a better world together. And Alan Kay whom you’ve already heard from, went even farther and said the computer is an instrument, who’s music is ideas. I’m convinced if in higher education we can begin to get our heads around this statement, We will begin to do things that are something other than rearranging deck chairs on the Titanic. And I’m trying to do that in a number of ways. One of them involves analog technology In fact in this one– held together with duct tape, which is the ultimate analog technology I ah–I see there are some users in the room. Full disclosure I don’t get anything from the duct tape people for hawking their products. Nor will I get anything from the people who put together the new media reader for hawking their product. But how many of you seen this volume the new media reader? Ok a few of you. Yes! We have some wonderful ringers in the house and I will I will call them up to be completely unstaged confederates to be sawed in half here in just a moment. This book actually contains an extraordinary, interdisciplinary, historically rich, conceptually diverse, set of writings about what’s called new media, which really is another name for the digitally saturated world of communicative expertise and symbolic representation. And it’s all there. Between hardcovers from the MIT Press. Your assurance of quality with duct tape and a CD-rom in the back. Remember that? Yeah! Okay, yes Scott says, “CD-Rom!” [laughter] Alright, Remember, back in the day, you could actually hold it in your hand. None of this connectivity stuff Laser discs too, ok. Sorry I’m going to digress with Scott, we’re going to have some geeking-out. Old-school So– this is the book that I use in my class, and let me say a little bit about this class to you. I have, over time, successfully misbehaved in all the areas of university life using this particular course. It’s a course called from Memex to YouTube Everyone knows what YouTube is, they don’t know what the Memex is. Good, alright. I got a little sphere of inquiry here. Good. And, I now have a faculty staff development seminar that has graduate students in it as well and in fact we have someone right down front today who offer a survivor’s testimony of being in such a group. Bringing together librarians, people from–can you imagine–central IT and professors from all over the university. I’ve branched out significantly into the engineering culture not that I’m at Virginia Tech, because one must, and so I’ve got those engineering colleagues in there as well and it’s great, you know the librarians find out that the quality assurance people in IT are actually pretty smart and imaginative and the quality assurance people in IT are high-fiving the physics professors, because finally they can come to a meeting of the minds about force concepts. And it just goes on and on. And every now and then, you see a humanities person in there too. And that works. Absolutely We get together. And this is a class that is also offered for credit as a cross listed upper-level honors class as well as a graduate level preparing the future professoriate class, there at Virginia Tech. It’s also network which is where the pitch is gonna come so hang on This is the syllabus This is an exploration of what’s the resonance frequency among all of these writers, all of these visionaries. And I lead about the first three sessions, and after that it’s presentation time so people must carry the class forward. And it becomes a class about learning A class about learning in the digital age. A class about communicating classes about learning in the digital age. It just gets more and more recursive that way. We do social bookmarking sharing stuff up to delicious delicious let’s just kind of jump the shark so if anybody’s going to social bookmarking site that you really wanna, you know, pitch to me that would be great I know about Diigo already, that’s cool. I thought about Pinterest, I’m not sure. We have to talk about this. Because all this stuff breaks None of it lasts. That’s ok. It’s like people, you know, It’s great It’s no problem. We use Twitter in all of these circumstances, especially with the undergrads because they’re a little more flexible than the faculty in this regard, typically. Nevertheless, I continue to hold out hope and we have an embedded librarian in the Twitter stream So that, when students are tweeting about cognition, learning, and the internet, They’re using the internet to tweet about cognition, learning, and the internet, and there’s a cognition learning and internet specialist,called a librarian, who is off in library world across the campus, watching the Twitter stream united by the class hashtag and every now and–every now and then doing what my wonderful partner in crime at Baylor called librarian jazz And what Ellen meant by that, I believe, Ellen correct me if I’m wrong she’ll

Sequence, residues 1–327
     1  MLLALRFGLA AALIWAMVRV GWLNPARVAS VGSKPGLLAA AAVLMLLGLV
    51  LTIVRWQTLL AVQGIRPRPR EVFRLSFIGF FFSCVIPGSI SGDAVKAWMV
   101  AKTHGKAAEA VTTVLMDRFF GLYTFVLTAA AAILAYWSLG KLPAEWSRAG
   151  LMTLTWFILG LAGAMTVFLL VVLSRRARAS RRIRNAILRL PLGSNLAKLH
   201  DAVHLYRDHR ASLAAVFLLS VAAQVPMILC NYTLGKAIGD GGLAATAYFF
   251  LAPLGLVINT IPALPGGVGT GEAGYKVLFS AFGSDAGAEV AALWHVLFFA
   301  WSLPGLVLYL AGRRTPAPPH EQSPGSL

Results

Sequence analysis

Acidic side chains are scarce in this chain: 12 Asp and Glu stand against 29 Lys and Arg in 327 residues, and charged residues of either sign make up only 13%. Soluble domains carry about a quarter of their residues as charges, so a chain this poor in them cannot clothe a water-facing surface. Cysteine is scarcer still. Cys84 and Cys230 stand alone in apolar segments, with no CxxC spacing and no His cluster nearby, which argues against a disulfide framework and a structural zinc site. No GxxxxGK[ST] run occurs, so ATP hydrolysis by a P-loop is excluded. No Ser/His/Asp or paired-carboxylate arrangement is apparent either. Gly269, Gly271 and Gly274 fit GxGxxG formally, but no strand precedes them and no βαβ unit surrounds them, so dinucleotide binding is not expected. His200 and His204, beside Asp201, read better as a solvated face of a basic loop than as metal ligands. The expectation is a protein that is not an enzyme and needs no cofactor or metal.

probably tweet a correction shortly so watch the hashtag. What that means is inferring from the Twitter stream what the heck Dr. C is doing this day and how the students are going in all sorts of different directions, and popping in key little prompts Like, oh we have a journal you might be interested in. Or, oh you just learn what Oneirology is, oh that’s interesting we have an encyclopedia of dreams did you know that? Link And there you go. Now, here’s a partner in crime at Virginia Tech the talented Rebecca K. Miller who is also egging people on which librarians do. I married one for that very reason Julie Hesaltine. She’s kind of abovo at this point, that’s my Latin for the day. She hasn’t quite got an avatar. And so really liking this discussion which I didn’t see while the class was going on but was very happy to see afterwards. And she uses the class hashtag. One of the other students in the class– what’s the best, most interesting part for you personally? That’s because Jake was on the meta team. I’ll get to that. And then the librarian chimes in and yeah tell me tell me And then Julie says this is connecting all the dots! Ah learning. As I’m looking at Nelson, Ted Nelson, computer live, dream machines. I’m thinking back to what we’ve talked about in past classes. Always a good learning technique There it is. So essentially all the learners are ganging up on each other In the most beautiful communal way, in real time, with the Twitter stream, which I can then make an image of and share with you today. And then there’s blogging. There is in the blogging entries like this from lissikane Deeper Yet Again, which is always a blog title to make a teacher feel good. Yes. Not just deeper. Deeper yet again. “After first reading McCloud, I was pleased that we had such a straightfoward and easy to understand piece”– it’s a comic, ok, if you’ve read understanding comics, you know about Scott McCloud –“to ease us back from spring break. Boy was I wrong!”– yes there was a little bit of teacher stealth there, I confess–“Once we started discussing it in class Tuesday, I realized how extrememly complex and weird the piece was.”–Weird is good, complex is even better Weird starts the learning, complex students are kind of like oh I need to take a lot of notes but weird, you know, when the going gets weird, the weird sign up for this class And that’s great. And I can see that this is happening. The class see that it’s happening. The world sees that it’s happening. All this stuff is out on the open web. And the students knew it was going there. I mentioned the meta team. It’s a class called Cognition, Learning, and the Internet So we need to display cognition, advanced learning, and internet the internet, while we’re doing this class. How do you internet the internet? You create more networks within the network. That’s how you do that So the meta team–and I told them you gotta be on the meta team. I need volunteers. It’s an anagram And they just looked at me. And then I said, Google it. And then I got some people–they were signed up and that was good. So the people on the meta team were assigned to make a rich complex digital representation of the cognition, and learning, and internetting that had happened during the course called Cognition, Learning, and the Internet. So the good news was they had a final project about a third of the way through the course And that’s always a moment of, you know, the students are like final project, but they’re clear sailing The bad news was they had to give an account of the whole course to the course publicly on the Internet as a result of the cognition and learning and the Internet. It was meta team a meta project. And this is what they made. They made a website, which had wordles, very simple and effective kind of data visualization Collecting the activity of their fellow students across all of the blogging, all of the Tweeting, all of the other final projects through the whole semester. You get the recursion here? Constantly make for yourselves representations of the things that you’re constantly making for yourself If you can get hold of that, you can make that happen with whatever you’re learning. And it will actually help your learning. You narrate your learning to yourself. So they built this. This was one page. This was the who page. What they did was take the blogs that they had written during each of the essayists that were assigned for that week. And had done a search across all of the blogs and made a Wordle out of the words used across the class during each of those particular essayists. And if this were live and on the web, which it is live on the web, if you want to go see it there’s a URL there I’ll be happy to send that to anyone who would like to see it. But what happens is you click on the visualization You click on these wordles, and up